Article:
The dynamic is one of broken homes, families without fathers, and a culture of welfare entitlement. The latter goes with the rest of it. In normal societies, people see a link between work, income and providing for your family and yourself. Never mind if you are “only” a shelf stacker at Tesco – if that job provides the money that feeds your kids, then your life has a worth and value, and you can derive a pride and a place in society from that.
Socialists will say that there are no jobs. The truth is different. Companies cannot get the employees they need, and sometimes prefer immigrants to local people. Why? Because the local people have the wrong attitude. They don’t really want those jobs. Why not? Because in their minds, there is no connection between the obtaining of possessions including necessities like food, and working. Food is a right; a job is just an alternative way of obtaining it.
If all material possessions come from State handouts by entitlement, then the connection between obtaining those things and working for them is broken, and one of the bonds that hold families together is broken.
If a father (or indeed a mother) is not responsible for the material well-being of their children, because the State provides, then one of their key roles in the family is removed – indeed, one of the purposes of the family itself is removed. The State has then usurped the role of the family, but carries out that role without any love or personal involvement, according to bureaucratic processes and forms.
In turn, fathers especially become irrelevant – mothers supply love and the State supplies money. That’s fine – until the kids grow up and notice that the people who do work have more than they do.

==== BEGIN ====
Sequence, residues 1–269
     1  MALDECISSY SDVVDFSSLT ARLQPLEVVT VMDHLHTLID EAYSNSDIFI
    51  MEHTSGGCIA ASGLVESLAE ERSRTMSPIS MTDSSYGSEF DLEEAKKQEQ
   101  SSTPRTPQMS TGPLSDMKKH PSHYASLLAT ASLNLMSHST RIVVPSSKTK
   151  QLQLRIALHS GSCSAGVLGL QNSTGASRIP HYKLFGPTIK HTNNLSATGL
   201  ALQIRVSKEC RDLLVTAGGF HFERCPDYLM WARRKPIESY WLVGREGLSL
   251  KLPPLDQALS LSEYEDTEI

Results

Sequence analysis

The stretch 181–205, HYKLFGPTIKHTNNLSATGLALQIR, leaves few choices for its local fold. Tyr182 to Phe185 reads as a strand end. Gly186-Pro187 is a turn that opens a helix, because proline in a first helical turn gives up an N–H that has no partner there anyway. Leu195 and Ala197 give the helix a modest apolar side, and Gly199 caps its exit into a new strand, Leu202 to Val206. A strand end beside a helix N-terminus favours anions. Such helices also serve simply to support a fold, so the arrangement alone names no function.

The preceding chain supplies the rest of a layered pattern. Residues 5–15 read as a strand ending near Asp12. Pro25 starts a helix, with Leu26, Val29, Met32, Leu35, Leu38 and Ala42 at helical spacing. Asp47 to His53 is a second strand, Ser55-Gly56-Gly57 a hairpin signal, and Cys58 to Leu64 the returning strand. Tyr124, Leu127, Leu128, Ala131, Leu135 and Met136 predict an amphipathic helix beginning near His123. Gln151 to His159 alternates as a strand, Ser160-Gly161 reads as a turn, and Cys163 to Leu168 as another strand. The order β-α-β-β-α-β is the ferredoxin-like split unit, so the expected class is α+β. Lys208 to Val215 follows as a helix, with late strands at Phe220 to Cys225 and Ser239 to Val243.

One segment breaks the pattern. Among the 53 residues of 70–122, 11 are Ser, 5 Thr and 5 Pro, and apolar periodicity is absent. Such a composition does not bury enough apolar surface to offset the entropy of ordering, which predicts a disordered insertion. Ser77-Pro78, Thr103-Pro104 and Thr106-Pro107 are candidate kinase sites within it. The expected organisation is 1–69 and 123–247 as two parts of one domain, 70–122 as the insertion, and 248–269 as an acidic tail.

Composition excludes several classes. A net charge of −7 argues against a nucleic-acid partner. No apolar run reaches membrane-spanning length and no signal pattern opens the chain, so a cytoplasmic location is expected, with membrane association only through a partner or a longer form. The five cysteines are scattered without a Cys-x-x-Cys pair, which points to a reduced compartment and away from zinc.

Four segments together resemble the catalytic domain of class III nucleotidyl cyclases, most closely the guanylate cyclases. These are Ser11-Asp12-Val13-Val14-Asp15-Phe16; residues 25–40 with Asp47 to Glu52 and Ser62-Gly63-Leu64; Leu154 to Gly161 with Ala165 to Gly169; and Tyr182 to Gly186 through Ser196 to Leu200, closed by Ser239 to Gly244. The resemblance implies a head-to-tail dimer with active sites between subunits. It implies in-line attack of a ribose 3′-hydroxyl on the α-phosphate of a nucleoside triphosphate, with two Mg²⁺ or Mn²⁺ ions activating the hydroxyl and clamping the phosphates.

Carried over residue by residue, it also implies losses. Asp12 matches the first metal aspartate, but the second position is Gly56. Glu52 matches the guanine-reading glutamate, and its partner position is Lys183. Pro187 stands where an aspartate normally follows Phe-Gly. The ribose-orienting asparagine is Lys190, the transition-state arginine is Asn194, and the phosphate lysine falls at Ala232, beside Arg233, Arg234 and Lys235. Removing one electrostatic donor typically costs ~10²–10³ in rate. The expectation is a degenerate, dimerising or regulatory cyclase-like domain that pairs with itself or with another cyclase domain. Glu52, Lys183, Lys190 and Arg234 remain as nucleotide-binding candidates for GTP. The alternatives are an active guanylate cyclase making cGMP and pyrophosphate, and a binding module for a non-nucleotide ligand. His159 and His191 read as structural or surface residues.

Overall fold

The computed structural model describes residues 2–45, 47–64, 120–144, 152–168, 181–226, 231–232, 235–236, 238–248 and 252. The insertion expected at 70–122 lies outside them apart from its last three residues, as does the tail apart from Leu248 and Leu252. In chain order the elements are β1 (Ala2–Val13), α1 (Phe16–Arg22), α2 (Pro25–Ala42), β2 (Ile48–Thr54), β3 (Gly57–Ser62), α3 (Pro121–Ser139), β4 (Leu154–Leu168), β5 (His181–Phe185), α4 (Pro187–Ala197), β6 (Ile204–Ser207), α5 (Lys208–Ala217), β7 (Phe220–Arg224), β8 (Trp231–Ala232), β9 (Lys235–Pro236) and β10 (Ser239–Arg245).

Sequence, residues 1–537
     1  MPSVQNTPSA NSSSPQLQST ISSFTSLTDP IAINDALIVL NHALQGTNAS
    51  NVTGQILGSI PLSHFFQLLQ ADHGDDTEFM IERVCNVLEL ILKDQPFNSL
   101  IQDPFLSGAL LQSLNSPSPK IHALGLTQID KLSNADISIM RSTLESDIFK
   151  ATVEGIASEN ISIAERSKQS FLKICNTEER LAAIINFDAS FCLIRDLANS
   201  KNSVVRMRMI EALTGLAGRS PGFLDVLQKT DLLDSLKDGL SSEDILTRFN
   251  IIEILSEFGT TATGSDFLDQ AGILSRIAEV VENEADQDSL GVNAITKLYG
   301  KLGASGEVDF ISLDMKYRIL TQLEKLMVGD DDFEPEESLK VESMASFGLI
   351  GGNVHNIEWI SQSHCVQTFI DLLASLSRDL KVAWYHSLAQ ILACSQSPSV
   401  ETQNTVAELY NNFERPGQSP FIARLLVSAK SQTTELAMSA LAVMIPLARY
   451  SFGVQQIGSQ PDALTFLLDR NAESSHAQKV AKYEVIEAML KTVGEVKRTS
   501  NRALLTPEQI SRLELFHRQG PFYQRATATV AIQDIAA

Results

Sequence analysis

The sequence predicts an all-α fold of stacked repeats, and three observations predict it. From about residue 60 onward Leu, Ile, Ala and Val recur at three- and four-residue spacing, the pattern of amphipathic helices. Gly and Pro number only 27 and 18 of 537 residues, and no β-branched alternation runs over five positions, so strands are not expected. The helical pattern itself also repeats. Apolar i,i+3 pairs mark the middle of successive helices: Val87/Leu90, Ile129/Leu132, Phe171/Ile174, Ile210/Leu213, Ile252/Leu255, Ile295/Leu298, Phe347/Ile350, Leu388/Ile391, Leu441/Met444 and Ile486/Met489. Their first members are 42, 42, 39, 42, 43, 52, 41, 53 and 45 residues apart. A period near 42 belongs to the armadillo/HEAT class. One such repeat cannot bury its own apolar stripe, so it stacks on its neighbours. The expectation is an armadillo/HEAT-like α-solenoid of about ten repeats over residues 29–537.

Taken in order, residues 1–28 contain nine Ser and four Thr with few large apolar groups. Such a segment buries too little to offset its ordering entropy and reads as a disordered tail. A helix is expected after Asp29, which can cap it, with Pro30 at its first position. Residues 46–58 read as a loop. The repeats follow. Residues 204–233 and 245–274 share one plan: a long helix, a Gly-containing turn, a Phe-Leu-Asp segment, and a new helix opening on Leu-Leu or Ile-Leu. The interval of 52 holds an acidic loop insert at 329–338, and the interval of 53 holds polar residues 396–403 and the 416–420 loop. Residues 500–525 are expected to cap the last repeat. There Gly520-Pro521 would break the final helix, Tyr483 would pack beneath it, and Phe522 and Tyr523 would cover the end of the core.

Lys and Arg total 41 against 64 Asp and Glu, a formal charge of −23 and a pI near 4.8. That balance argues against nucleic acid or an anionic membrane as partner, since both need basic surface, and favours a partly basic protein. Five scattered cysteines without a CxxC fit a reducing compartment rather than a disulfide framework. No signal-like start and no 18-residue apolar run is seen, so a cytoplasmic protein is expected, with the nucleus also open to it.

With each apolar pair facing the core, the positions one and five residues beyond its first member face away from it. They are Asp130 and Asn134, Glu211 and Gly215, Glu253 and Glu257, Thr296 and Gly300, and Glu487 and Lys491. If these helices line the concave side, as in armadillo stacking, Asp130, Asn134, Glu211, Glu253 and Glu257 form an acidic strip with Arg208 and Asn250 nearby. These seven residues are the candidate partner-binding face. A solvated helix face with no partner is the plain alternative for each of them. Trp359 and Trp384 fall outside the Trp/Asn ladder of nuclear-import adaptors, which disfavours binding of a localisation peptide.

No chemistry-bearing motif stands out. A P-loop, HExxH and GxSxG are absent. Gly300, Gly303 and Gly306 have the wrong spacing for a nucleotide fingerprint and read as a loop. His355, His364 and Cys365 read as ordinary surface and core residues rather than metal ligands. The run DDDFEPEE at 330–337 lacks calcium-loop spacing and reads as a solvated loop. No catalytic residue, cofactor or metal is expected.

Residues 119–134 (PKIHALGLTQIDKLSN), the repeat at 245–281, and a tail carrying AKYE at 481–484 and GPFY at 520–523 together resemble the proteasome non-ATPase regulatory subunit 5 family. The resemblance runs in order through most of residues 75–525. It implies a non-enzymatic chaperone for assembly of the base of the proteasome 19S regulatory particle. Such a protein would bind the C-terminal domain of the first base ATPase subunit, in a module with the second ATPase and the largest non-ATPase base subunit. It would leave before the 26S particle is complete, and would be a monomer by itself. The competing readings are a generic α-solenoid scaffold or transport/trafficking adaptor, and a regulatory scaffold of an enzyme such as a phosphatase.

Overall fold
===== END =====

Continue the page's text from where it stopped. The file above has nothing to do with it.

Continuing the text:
If all that you have comes from a State handout, it is easy to believe that possessions and material wealth are an entitlement rather than something to be earned. If you then see other people who have much more than you, you will see that as unfair. You will not imagine that those other people’s material well-being came from working for it; you will believe it came from an unfair decision to award those other people extra that you don’t have.
And then the problem spreads out. Those from better backgrounds see “welfare scroungers” getting handouts from the State, while they, who work for a living, get none and pay high taxes to boot. They too get the message that society is unfair, that there is no connection between the work they do and the possessions they have or even their ability to obtain the necessities of life.
In turn, their commitment to the rules that bind us together as a society is weakened. They may even find themselves deciding that if those scroungers have big-screen televisions – whether through rioting or otherwise – well then, they who work should certainly have the same.
Finally, of course, one of the prime functions of the police is to protect property, and to protect society in general. If society is unfair, and the possession of property is allocated at random, then the police automatically become an agent perpetuating the unfairness.